Abstract 12225: Renovascular Interaction in Children With Congenital Heart Disease
Background: Increased arterial stiffness can cause renal dysfunction via microvascular damage, consequently contributing to impaired arterial function by several mechanisms including elevation of blood pressure, abnormal glucose/lipid metabolism, inflammation, oxidative stress, and activation of the renin-angiotensin system. Close association between renal dysfunction and increased arterial stiffness has clearly been demonstrated in adults. We hypothesized that renovascular interactions also exist in children with congenital heart disease (CHD).
Methods and Results: During cardiac catheterization, pulse wave velocity (PWV), a marker of arterial stiffness, was measured during catheter withdrawal from the ascending aorta to the femoral artery in 150 children (3.7 ± 2.3 years) with a variety of CHDs. The relationship between PWV and estimated glomerular filtration rate (eGFR: 112 ± 27, 38-180 ml/min/1.73 m2), derived from the approximation for children, was then investigated. The PWV of the proximal aorta and distal aorta were 619 ± 277 and 444 ± 144 (cm/sec), respectively. The PWV in the proximal aorta, but not that in the distal aorta, significantly correlated with eGFR (PWV = 920-2.48*eGFR, p ≤ 0.05). Multivariate linear regression analysis demonstrated that eGFR was an independent determinant of PWV in the proximal aorta (p = 0.021) even after controlling for confounding factors such as age, sex, blood pressure, and disease type. Moreover, eGFR and PWV were significantly associated with serum levels of fibrogenesis markers aldosterone and amino-terminal procollagen type 3 peptide (p= 0.008, 0.012, respectively).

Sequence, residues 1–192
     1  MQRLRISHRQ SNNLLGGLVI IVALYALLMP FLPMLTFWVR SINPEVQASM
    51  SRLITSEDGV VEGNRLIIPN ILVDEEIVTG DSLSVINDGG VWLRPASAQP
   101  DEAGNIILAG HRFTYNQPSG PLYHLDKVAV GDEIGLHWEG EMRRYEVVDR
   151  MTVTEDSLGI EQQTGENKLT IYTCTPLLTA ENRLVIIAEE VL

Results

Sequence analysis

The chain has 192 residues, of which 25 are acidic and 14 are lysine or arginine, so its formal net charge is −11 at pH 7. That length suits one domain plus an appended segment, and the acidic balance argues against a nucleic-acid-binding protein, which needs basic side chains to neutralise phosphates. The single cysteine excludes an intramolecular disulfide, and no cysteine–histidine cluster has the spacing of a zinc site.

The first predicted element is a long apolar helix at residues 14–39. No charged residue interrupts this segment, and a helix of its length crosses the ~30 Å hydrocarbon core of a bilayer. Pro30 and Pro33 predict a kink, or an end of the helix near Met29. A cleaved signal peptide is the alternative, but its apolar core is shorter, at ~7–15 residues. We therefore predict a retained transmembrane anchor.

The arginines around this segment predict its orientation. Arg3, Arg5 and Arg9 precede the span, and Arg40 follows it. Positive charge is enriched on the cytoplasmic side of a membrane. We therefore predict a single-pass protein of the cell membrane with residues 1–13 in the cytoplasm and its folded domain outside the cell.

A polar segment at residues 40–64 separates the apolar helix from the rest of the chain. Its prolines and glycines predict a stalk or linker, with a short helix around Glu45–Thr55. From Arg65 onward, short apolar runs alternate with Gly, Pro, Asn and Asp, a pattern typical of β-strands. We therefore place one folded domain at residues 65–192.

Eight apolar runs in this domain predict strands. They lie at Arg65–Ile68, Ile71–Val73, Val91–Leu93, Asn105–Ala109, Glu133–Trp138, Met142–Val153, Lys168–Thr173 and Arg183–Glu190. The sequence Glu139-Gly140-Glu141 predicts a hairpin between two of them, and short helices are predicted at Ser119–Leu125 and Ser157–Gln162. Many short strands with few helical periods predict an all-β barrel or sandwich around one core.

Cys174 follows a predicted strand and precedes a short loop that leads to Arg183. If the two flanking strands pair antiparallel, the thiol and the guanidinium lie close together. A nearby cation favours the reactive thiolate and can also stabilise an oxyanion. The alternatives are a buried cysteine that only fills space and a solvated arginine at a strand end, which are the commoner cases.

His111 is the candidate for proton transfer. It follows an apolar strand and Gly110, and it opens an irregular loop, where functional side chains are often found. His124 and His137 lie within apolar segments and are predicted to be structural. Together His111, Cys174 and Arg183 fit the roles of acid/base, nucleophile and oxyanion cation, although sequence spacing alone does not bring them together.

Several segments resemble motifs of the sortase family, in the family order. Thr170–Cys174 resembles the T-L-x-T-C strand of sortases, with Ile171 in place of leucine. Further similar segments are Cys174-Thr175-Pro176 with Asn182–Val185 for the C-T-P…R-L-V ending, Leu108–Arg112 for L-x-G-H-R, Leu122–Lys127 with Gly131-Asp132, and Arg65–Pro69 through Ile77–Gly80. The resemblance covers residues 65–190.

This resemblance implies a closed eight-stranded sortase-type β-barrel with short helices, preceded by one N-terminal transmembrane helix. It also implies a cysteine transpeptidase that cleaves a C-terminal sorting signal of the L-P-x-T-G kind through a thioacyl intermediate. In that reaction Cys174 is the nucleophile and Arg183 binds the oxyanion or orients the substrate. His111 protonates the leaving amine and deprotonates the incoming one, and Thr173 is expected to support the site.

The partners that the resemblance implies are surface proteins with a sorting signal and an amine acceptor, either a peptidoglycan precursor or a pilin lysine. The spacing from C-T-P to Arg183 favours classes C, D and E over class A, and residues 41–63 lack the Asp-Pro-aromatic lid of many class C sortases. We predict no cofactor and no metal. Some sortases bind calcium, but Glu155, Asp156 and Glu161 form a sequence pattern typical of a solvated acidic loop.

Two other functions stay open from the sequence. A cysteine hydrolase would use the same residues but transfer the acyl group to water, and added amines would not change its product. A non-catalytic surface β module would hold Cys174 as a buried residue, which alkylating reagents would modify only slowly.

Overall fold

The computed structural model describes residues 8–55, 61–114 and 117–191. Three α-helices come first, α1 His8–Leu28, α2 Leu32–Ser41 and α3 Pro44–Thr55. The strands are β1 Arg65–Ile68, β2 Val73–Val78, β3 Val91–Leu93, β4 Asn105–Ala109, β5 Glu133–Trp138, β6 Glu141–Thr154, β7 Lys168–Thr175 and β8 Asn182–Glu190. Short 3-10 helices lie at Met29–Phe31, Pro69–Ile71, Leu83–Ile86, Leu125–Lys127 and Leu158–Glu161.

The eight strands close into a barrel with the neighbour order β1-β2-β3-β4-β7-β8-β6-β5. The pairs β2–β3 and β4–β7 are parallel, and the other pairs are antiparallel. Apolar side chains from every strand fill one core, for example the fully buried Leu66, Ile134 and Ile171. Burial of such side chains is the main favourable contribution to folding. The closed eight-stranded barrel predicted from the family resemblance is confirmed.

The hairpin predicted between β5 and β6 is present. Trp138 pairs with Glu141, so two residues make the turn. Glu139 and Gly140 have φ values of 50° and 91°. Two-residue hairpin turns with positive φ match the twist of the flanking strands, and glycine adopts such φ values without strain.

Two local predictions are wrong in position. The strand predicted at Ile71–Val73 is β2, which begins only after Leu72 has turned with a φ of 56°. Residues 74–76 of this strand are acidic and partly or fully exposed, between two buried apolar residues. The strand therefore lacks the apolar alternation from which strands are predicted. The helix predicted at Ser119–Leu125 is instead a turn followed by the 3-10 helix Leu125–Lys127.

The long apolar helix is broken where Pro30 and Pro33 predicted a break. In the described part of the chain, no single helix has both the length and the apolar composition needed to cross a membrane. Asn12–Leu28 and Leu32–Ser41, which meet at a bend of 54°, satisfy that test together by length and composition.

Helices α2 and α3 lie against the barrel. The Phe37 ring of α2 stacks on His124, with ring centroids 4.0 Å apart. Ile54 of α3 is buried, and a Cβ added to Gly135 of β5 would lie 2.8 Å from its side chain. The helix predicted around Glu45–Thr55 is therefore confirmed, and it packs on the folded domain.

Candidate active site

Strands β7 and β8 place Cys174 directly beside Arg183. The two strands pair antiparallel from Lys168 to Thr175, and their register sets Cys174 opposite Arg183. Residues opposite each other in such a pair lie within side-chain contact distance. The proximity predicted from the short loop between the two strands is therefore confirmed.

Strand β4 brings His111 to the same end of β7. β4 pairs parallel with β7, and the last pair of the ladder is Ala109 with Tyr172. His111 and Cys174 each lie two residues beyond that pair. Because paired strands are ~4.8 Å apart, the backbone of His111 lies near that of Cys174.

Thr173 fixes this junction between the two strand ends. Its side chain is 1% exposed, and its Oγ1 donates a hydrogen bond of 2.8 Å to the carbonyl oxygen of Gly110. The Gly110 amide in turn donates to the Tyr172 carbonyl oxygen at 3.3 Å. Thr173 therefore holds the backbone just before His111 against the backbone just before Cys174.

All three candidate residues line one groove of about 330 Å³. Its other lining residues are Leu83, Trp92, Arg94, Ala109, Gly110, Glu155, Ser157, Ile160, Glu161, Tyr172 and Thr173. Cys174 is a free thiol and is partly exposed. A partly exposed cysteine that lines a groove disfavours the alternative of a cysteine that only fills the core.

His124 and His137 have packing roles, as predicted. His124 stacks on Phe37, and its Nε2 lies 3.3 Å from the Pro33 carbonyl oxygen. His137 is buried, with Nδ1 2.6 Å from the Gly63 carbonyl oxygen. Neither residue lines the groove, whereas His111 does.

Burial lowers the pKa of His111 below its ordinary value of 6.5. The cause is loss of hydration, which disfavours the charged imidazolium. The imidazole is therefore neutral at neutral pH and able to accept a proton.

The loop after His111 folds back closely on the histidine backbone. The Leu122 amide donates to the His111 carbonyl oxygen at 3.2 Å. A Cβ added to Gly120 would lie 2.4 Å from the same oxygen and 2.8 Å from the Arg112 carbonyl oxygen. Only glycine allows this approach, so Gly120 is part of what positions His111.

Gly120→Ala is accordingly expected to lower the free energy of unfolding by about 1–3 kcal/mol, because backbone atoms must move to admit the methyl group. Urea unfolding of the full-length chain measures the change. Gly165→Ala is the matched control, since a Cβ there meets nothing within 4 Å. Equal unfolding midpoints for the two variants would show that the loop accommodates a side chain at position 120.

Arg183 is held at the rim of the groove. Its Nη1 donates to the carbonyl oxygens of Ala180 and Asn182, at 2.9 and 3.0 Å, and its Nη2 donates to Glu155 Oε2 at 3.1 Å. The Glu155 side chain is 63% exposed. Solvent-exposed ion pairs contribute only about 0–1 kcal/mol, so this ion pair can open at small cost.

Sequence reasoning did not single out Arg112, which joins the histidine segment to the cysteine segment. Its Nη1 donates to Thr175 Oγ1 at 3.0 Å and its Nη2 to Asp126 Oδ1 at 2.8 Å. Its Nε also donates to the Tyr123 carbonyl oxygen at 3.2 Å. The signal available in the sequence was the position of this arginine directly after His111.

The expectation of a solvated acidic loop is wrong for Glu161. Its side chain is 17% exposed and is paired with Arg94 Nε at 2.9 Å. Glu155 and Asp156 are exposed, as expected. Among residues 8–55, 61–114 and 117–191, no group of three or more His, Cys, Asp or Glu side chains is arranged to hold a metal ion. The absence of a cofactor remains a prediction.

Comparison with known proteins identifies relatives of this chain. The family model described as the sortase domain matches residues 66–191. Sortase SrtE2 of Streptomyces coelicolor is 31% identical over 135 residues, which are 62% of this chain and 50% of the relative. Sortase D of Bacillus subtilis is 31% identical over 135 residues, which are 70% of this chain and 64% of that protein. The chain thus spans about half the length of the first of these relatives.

Conclusions: To the best of our knowledge, this study is the first to demonstrate the presence of renovascular interaction in children with CHD, wherein tissue fibrosis may play a key role. Because both increased arterial stiffness and chronic kidney disease have been identified as independent risk factors for cardiovascular morbidity and mortality, these results suggest the importance of meticulous follow-up of renovascular function and interaction in children with CHD. Studies for the effects of renovascular protective treatments and/or anti-fibrogenesis treatments on the outcome of this population are also warranted.
- © 2013 by American Heart Association, Inc.